Secondly, younger generations value a good work-life balance much more than older generations. This profession with its 24/7/365 nature finds it very challenging to cater to that. Despite plenty of breaks and significant time off than others, it might require working on any day of the year – for instance, Christmas Day or weekends – which means one might miss out on family celebrations. This issue has the ripple effect of fewer women in the profession. At the moment, there are probably about 75% men and 25% women in ATC worldwide.
Thirdly, younger generations value opportunities which help them develop professionally within the organisation. That is something which has been overlooked in the past in ATC. The main priority is service delivery and the management of airspace and airports.
Strategy and integration programme manager at Civil Air Navigation Services Organization (CANSO) Michelle Bishop (MB):
Air traffic control isn’t a consumer-facing job and is fairly invisible. It. It tends to be a little bit more in the background and therefore maybe just not one that people consider. Plus, there have been, in some countries, myths about it being a very high-stress job. However, it is a very attractive one when people learn about it.
In terms of recruitment, we don’t particularly have a problem attracting people. It was this fall that the FAA did a fairly short call for applicants for traffic control only open for five days and even with minimal advertising they got almost 25,000 applications and they were only hiring about 800.
The challenge becomes assessing that pool of 25,000 to ensure that they were selecting the right applicants who have a significant chance of being successful through training.
VS: What should be done to make ATC appealing to young people?
LB & SI: A number of initiatives are being introduced by ANSPs to raise awareness of the role and make the career more appealing by demonstrating the diverse and inclusive nature of the workforce. In the UK, NATS have developed online games that test basic cognitive skills such as shape tracking, sequential memory, reactive avoidance and task prioritisation to help potential applicants assess whether or not they have the necessary aptitude to train as a controller.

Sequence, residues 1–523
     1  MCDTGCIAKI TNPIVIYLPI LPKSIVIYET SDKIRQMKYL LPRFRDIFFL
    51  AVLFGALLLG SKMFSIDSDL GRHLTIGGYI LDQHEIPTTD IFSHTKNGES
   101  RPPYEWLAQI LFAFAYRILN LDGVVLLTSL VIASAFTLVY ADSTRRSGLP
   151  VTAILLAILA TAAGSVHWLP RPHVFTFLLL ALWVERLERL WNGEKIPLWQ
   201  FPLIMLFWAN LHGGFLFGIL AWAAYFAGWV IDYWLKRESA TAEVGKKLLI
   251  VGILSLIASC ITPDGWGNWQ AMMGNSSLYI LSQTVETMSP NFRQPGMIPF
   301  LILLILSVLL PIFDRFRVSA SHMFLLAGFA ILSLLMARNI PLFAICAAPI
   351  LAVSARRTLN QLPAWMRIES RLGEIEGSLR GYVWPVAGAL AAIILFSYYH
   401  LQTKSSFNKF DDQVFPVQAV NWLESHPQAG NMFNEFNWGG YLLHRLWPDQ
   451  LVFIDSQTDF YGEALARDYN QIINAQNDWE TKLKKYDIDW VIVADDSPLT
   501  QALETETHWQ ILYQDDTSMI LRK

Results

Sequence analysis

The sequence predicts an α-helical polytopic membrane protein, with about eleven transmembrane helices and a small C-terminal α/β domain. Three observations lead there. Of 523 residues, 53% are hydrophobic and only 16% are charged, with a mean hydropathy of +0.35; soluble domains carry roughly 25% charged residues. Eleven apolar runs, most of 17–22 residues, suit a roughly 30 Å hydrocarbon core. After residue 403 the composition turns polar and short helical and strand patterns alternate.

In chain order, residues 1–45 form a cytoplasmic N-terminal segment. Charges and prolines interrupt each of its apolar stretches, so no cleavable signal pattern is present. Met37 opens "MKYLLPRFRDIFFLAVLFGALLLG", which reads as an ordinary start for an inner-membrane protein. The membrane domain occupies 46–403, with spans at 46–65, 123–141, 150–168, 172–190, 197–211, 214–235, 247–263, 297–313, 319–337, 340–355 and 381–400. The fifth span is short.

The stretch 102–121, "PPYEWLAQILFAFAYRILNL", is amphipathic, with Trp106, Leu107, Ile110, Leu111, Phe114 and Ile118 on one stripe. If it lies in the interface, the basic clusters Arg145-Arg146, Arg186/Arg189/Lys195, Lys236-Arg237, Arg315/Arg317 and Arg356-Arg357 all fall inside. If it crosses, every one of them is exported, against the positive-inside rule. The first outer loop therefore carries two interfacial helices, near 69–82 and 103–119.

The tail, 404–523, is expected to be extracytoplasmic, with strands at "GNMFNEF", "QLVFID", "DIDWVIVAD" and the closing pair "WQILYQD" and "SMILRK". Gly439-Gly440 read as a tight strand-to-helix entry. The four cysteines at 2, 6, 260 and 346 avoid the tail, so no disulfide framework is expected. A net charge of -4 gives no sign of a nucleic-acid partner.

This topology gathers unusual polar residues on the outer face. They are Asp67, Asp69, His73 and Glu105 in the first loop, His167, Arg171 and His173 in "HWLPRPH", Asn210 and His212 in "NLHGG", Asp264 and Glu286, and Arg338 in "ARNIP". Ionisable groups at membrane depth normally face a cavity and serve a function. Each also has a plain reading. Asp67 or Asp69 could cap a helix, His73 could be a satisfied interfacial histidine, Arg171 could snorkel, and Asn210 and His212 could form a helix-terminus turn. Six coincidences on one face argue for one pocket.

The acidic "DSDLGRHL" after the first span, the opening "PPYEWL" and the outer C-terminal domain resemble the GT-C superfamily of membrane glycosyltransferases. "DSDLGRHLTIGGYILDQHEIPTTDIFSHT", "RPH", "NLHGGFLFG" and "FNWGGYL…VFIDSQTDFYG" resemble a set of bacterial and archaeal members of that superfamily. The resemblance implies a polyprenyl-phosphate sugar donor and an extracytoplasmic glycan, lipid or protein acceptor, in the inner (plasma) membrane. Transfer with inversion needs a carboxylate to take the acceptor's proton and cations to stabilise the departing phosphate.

The recruitment section of the website also features videos of female and male controllers explaining their role and the path that led to their present employment. Clearly stating the benefits and pay packages, as well as details of any financial or practical support that is offered during the training stage may be of benefit to students who are graduating with an education debt.
HS: There is a lot of engaging work being done by some service providers on social media to promote the job towards their target audience.
It is important to show that despite being a 24/7 and 365 days/year job, it’s possible to balance personal and professional life. This would encourage more women to apply.
KF: By 2030 its forecast is that 355 million passengers and three million flights will be flying to and from UK airports – so we need more air traffic controllers to handle that increase.
ATC is a career that requires specific cognitive skills and abilities which individuals may or may not know they have, so because of this we encourage people from all walks of life to apply. There’s plenty of important work which goes on behind the scenes, for instance, developing the technologies that will aid the role of an air traffic controller in the future.